Ellen Widess has been engaged in public policy from various perspectives throughout her career—regulatory, academic, philanthropic, and advocacy. As Senior Program Officer of the Rosenberg Foundation, Ellen led efforts in philanthropy to strengthen policy advocacy and capacity building of nonprofits advocating for low wage workers, women workers, immigrants’ rights and immigration reform.
Her regulatory work includes directing California’s OSHA program and the Texas Pesticide Program, where she initiated innovative and effective programs to protect the health and safety of workers. As an academic at the University of California, Berkeley and the University of Texas Law School, Ellen inspired students who have been leaders in occupational and environmental health and policy advocacy. In the policy arena, Ellen contributed to improving access to and quality of health for children and leading efforts in California to prevent childhood lead poisoning. She founded and directed Lead Safe California, a non-profit dedicated to building consensus among disparate public and private stakeholders about solutions to prevent childhood and occupational lead poisoning.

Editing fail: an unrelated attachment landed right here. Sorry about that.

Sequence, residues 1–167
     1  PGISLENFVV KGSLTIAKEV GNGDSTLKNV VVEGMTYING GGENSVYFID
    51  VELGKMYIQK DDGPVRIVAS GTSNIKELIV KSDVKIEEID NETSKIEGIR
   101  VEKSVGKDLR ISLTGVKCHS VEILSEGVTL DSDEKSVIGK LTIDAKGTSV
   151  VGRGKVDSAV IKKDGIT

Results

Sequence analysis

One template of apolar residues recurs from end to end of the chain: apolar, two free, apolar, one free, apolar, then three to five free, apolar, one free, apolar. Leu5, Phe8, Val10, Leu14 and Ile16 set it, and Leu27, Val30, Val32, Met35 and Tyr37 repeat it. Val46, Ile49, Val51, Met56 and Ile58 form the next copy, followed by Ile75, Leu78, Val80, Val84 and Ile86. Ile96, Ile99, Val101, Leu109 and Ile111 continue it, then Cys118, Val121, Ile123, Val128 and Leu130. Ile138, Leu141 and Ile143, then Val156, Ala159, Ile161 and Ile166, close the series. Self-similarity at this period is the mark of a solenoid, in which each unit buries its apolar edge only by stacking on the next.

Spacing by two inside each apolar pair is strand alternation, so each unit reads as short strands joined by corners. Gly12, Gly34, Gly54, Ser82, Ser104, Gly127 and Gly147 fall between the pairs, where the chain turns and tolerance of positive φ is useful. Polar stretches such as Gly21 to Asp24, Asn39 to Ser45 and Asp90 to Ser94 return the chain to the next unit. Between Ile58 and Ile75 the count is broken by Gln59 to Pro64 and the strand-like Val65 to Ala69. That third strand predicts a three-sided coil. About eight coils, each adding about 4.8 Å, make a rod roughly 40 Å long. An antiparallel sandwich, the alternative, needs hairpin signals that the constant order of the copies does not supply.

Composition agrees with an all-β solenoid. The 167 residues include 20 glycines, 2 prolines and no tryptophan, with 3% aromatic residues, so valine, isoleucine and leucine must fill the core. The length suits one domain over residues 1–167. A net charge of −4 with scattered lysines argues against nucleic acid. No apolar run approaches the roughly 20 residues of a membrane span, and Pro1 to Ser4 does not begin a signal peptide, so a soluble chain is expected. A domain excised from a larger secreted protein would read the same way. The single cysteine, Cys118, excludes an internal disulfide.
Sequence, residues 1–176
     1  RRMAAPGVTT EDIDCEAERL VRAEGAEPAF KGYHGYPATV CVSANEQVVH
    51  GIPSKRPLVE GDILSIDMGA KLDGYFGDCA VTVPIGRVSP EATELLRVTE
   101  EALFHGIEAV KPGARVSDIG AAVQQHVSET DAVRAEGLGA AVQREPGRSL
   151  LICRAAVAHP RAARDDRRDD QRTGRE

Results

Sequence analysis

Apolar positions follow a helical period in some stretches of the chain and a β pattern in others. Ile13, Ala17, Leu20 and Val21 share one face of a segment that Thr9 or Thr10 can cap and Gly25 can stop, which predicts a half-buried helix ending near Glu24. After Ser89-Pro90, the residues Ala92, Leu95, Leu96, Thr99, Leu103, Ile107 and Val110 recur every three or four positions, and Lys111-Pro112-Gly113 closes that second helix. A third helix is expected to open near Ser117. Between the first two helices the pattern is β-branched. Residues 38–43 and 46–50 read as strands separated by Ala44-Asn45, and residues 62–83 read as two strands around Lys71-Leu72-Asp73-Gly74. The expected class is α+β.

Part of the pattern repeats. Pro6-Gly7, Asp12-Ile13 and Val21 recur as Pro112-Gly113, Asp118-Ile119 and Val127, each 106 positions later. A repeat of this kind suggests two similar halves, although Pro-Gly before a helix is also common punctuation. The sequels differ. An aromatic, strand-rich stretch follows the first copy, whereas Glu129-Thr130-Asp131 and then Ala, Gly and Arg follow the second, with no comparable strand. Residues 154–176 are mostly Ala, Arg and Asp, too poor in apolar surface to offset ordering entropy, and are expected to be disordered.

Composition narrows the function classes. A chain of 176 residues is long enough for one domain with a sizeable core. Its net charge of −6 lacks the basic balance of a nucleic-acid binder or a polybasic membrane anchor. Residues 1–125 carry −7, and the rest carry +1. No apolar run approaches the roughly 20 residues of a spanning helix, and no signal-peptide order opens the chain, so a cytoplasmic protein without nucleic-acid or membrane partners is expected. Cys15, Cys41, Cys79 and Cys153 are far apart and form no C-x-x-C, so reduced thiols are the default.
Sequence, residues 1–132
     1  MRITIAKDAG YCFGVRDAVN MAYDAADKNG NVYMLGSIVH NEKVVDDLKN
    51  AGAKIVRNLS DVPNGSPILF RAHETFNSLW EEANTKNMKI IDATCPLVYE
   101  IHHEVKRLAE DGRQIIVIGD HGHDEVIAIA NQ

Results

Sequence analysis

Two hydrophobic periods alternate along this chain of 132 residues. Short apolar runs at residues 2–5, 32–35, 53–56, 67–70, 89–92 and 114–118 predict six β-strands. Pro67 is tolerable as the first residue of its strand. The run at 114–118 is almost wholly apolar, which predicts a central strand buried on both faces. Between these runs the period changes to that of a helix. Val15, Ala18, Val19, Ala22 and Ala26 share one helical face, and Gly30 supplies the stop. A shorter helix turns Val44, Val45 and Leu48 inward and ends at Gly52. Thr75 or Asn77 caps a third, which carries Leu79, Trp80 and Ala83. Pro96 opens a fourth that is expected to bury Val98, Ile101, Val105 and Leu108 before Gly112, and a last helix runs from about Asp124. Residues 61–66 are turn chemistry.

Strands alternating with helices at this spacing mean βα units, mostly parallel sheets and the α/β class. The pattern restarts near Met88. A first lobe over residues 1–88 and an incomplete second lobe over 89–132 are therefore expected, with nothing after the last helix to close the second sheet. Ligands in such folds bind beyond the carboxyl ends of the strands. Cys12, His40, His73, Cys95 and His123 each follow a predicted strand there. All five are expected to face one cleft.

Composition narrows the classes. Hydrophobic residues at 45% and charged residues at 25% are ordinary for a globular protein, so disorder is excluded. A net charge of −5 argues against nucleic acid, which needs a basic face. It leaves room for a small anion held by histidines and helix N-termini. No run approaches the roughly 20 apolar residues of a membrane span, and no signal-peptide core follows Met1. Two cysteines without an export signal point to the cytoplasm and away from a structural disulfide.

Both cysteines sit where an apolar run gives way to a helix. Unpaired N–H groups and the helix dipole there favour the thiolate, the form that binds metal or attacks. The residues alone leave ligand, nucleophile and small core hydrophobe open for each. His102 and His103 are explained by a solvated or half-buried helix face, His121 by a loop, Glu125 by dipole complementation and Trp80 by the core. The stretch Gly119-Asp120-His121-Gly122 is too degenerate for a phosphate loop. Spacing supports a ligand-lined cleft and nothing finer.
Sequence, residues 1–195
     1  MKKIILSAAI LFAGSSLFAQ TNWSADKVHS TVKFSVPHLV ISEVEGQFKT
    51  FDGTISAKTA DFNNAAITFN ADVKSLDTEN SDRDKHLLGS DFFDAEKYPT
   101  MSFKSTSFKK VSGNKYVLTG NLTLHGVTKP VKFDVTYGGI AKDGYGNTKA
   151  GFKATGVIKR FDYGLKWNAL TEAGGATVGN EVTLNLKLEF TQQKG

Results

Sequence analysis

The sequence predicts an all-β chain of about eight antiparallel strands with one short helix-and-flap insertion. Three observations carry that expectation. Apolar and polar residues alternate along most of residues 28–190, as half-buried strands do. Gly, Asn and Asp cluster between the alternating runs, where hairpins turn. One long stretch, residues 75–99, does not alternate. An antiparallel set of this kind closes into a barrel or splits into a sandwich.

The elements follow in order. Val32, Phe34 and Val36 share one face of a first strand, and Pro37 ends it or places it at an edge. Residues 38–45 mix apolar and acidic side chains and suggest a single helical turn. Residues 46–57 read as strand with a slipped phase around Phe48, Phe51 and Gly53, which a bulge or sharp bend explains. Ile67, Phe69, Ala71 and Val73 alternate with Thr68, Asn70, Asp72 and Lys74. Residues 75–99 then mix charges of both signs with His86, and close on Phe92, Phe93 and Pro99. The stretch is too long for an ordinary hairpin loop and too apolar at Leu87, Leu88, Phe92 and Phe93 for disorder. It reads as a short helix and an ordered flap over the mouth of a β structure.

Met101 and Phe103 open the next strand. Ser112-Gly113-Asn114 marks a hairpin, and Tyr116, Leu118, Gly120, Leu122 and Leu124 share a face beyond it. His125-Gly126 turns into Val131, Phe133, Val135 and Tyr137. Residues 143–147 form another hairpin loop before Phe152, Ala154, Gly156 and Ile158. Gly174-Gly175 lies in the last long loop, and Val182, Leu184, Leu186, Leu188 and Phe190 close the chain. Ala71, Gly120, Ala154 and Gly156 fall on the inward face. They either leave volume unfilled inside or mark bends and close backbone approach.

Ellen has served on numerous national and state commissions including the National Academy of Science/Institute of Medicine’s Task Force on Child Labor in the US. She has written extensively on public policy and health. Currently, she serves on the boards of Equal Rights Advocates and Farmworker Justice and the Advisory Council of the Thelton Henderson Center for Social Justice at UC Berkeley Law School.
Ellen received her JD from Boalt Law School, UCB, and BA in history from UC Berkeley.